In my September 1st piece, I argued the importance of valuing gold relative to silver via the gold/silver ratio, concluding that gold will UNDERperfom silver despite its status in the limelight. Indeed, the G/S ratio has fallen 7% since the article, hitting a new 13-month low of 59.0. My case for "faster" gains in silver remain in place.
So how about Gold/Oil ratio? Readers of my book and previous articles on the topic recall that the G/O index bears a highly negative correlation with risk appetite/stocks/market sentiment. The rationale being that when G/O ratio ceases to rise and begins to pull lower, it is a case of re-emerging energy prices relative to metals, usually reflecting improved appetite/higher growth/weak-US-based gains in energy prices. The converse case applies.
The G/O ratio is especially valuable during the early stages of a rebound as it predicts deteriorating risk appetite and falling equities (2008 example) while a peak followed by an early stage decline, usually suggests rising stocks, led by higher energy prices (April example) and May example .
With the above evidence continuing to prove effective since 2007, let us integrate it into the G/O relationship of today. The chart below shows the G/O ratio in the upper panel and the S&P500 in the lower panel. The latest correlation between S&P 500 and G/O ratio on a 2-month rolling basis stands at -0.63. The red lines indicate the inverse correlation of the overall trend. Note how G/O ratio began drifting lower (due to faster oil appreciation relative to gold last week), which has been accompanied with a clear increase in the S&P 500 (and other stocks). The break out of the S&P 500 above 1,150, could mean further decline in G/O ratio potentially towards the 6-month trend line support of 15.20.
And if the above dynamics continue i.e. further declines in G/O ratio and higher S&P 500, this could well take the form of rising oil prices revisiting the $86-87 level.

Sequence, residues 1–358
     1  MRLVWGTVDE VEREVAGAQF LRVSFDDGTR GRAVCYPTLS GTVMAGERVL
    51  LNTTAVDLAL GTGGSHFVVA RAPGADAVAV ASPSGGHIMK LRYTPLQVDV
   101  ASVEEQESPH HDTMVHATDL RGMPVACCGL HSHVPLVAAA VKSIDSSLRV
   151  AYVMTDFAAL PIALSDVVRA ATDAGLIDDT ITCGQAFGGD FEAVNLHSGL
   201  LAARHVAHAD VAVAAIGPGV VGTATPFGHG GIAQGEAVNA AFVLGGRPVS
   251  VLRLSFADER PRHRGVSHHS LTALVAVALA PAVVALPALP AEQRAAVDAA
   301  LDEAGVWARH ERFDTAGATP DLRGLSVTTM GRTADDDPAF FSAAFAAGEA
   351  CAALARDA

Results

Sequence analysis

Diamond in the Energy Rough
The weekly US crude oil chart below shows a rare "diamond formation", which in technical analysis is a rare pattern. Diamonds could be either continuation patterns (bullish) or reversal patterns (bearish). In this case, the weekly chart broke above the $80.50 trend line resistance last week (falling trendline line), showing a continuation out of the multi-month pattern, whose 1st half held up during Oct 2009-May 2010. The importance of last week's break out and this week's follow-through is highlighted by the break of the all-important 200-week MA. The next test emerges through a required break above $83, which is the high from Aug. 2010 (small red circle). Tuesday's closing price was at $82.82 was not enough. A Friday close above $83 would be necessary, while a close above $75-76 is required to maintain the uptrend.
In the event that $83 is broken with a weekly close (preferably), this stands the chance of extending S&P 500 towards its next resistance of 1,190 (200-week MA, which was broken in June 2008) and 11,200 on the Dow Jones Industrials Index. Is this plausible? An "upbeat" US earnings season and rising confidence that US markets will be "liquefied" by Fed asset purchases could well do the trick for now. The implications for the USD index suggest a possible decline below the 76 trendline and into a prelim target of 74.